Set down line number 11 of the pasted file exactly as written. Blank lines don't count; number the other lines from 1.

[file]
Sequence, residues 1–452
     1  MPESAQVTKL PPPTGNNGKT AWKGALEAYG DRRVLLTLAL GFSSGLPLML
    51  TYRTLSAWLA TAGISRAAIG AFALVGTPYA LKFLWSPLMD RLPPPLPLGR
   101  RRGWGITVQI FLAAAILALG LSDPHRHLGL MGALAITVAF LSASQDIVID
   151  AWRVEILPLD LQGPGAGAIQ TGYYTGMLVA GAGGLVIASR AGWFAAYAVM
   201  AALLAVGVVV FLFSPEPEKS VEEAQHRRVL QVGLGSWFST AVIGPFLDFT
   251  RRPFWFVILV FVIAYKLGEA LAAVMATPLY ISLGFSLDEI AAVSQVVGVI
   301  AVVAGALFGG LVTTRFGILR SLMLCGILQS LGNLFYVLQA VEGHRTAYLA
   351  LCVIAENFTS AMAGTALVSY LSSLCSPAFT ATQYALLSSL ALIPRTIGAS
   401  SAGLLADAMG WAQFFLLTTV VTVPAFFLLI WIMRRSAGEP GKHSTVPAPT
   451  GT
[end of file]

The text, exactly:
   451  GT